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   daniel limonadi

What advice can you offer to young scientists or engineers?

You will hear this a lot, but make sure you do something you love doing. Being successful in life takes hard work, a good sense of humor, sweat and tears. If you love what you do, the hard work seems like play so it isn't so bad. I think this is a truth whether you want to be a rock star or a rocket scientist. No matter what field you want to get into, no one will lay out a welcome mat and do the work for you... you have to really want it in order to make opportunities come your way and make a name for yourself.

If you really put your mind to something, you can make it happen, and when you love doing it, it is much easier to put your mind to it!

What are your personal goals for the future?

Continuing to work on space exploration but also finding more time for my wife and son (14 months old now). I'd say the hardest part of working on flight missions is striking the right balance between working on something you throw your heart and soul into, spending time with the people that are most important to you and nurturing relationships that you want to last, and finding time for your self. If someone could learn how to squeeze 48 hrs into a day I'd pay a lot of money for that...

What’s the most extraordinary experience you've had so far on this mission?

Realizing this thing is actually going to land and that I will be helping to make history by exploring the surface of another planet with two very capable rovers. Recently (December 2003) this has really hit me... for example, one morning I woke up to the thought "holy-cow, the commands we are working on right now are actually going to cause a machine millions of miles away on the surface of another world do things that will increase the knowledge of the whole world". Definately cliche, but it still causes me to pause every once in while and take a deep breath.

When you were in elementary school, what did you want to be when you grew up?

An astronaut most of the time... sometimes other ideas crept up, but space was mostly it. I got my 4th grade class to work on an idea for a space station when NASA asked for ideas back in 1982. I used to day-dream about the folks from battlestar galacta taking me away to join them on their mission. Certified space-geek for way too long!

When did you decide you wanted to be in the space industry and how did you go for it?

when I was about 9 years old. My mom got me a book about space colonies by Nigel Calder of Princeton University and that pretty much cemented my fascination with space and space exploration.

A key point in my education that let me go on to getting an aerospace engineering degree was getting a D on my first Algebra test in 8th grade. It was the worst grade I had ever gotten and it really served to kick me in the rear to do better in school. I decided that, hey, if I am going to spend 6-7 hours a day for 9-months out of each year of my life until I was 18 (and older) in school, I might as well really make the most of it. I had always liked learning, but I was struggling with math to some extent until that point. But for whatever reason that event kind of really made me want knowledge more than ever. The mental switch from having math forced on me to actually wanting to learn it made it much easier to absorb and I did much better in all my future classes. Without that change in attitude I would not have been able to get into UCLA and get my degree.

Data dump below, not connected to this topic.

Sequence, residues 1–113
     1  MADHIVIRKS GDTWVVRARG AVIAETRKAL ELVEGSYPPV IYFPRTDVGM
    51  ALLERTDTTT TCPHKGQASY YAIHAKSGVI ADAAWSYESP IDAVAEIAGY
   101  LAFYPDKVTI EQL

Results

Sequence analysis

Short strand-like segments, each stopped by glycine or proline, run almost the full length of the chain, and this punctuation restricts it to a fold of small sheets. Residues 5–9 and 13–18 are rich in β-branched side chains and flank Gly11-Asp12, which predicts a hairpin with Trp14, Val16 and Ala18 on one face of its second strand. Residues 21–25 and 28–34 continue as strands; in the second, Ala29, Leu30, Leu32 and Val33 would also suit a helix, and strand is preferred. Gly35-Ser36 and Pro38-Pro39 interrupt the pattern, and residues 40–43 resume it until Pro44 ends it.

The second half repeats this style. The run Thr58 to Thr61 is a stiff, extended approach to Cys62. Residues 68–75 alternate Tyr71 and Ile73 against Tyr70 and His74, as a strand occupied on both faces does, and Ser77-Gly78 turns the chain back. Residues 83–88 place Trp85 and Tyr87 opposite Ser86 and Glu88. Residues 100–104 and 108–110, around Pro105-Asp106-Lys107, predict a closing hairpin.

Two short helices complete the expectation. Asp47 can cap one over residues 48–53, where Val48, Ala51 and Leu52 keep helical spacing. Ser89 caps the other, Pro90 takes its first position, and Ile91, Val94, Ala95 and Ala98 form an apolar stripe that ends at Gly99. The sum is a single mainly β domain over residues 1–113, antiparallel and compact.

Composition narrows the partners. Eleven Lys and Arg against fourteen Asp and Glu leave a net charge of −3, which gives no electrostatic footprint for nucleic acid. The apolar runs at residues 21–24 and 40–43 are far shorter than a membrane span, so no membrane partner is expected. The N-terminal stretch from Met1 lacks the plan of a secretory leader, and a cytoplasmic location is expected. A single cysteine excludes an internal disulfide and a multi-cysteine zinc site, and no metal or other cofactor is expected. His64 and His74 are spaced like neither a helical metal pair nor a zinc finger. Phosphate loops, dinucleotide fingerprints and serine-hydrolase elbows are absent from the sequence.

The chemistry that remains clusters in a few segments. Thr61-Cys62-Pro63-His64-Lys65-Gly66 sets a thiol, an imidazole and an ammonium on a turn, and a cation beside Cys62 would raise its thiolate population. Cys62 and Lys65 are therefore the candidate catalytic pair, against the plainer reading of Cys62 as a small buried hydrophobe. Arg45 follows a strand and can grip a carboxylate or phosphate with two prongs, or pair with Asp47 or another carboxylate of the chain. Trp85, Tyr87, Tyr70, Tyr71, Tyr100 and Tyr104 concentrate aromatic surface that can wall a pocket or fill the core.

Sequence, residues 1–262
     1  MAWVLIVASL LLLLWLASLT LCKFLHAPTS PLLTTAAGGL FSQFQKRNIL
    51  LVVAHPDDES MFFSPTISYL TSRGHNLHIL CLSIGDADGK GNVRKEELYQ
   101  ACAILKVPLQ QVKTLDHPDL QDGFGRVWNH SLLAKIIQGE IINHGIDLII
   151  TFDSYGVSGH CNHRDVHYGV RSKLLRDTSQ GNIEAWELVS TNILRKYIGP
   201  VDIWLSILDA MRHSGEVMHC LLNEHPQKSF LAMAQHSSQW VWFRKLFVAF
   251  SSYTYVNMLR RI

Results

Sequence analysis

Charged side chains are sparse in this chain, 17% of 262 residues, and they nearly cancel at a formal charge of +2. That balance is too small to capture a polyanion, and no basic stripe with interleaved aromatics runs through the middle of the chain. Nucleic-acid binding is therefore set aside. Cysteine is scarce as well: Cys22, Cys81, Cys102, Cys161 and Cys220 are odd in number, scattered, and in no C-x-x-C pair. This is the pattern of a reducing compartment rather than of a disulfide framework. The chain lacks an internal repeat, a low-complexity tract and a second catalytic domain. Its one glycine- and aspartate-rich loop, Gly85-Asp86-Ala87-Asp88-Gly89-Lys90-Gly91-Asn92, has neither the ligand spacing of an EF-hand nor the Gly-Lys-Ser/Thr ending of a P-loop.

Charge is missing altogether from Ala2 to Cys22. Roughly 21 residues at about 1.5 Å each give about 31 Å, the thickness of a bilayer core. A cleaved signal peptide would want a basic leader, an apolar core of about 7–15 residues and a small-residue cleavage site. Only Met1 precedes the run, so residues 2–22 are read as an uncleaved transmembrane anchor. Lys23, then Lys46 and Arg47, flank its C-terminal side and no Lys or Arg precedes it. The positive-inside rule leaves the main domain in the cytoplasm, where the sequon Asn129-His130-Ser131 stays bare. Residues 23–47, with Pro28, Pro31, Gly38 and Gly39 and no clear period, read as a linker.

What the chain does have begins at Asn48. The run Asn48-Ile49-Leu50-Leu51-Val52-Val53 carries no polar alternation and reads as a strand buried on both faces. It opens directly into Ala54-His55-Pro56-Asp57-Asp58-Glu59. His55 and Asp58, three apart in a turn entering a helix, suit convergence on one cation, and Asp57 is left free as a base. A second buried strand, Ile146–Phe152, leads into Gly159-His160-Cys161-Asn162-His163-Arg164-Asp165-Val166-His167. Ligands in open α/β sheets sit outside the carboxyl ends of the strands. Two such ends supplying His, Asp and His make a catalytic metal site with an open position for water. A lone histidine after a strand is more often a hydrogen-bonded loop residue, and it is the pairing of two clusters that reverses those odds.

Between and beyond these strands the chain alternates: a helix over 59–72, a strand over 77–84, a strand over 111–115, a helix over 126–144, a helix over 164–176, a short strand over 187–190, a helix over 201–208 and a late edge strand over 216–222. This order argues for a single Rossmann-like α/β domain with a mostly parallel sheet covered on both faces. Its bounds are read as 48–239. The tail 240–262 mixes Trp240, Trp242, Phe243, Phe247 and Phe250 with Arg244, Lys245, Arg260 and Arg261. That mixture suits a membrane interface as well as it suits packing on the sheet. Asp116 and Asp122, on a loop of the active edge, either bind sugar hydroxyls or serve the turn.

Why do you think Mars Exploration is important?

Humans are designed to explore. It is what a large fraction of our species is wired to do. Do new things, find new worlds, figure out how things work. Not exploring space (or the oceans, or other unknown parts of our world) would run counter to our very makeup.

I think space is the future "new world". It is a lot harder to get to than America was back in the 1400's, but never-the-less it represents similar challenges and opportunies. A place where over time we can learn to live, to try to organize new societies and experiment with new and better forms of government.

What excites you about Mars or about space exploration?

Pretty much everything. The cool science, the challenging engineering, doing things no one else has done before, working with other motivated and smart people on a common goal.

Do you work on any other projects at your company?

Not really. We like to say the Mars Exploration Rover mission is the project that doesn't sleep. The schedule has been so tight from the get-go that working on MER is generally more than a full-time job by itself.

Do you have any hobbies?

Mountain biking, hiking, backbacking, swimming, sprint distance tri-atholons (when family and work allow training time), reading fantasy and science fiction, sailing, learning about nature, history, military history and tactics, planetary science, ... I have a hard time understanding people who get bored with life or can't figure out what to do when they retire ;-)

daniel limonadi:
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  Personal Reflections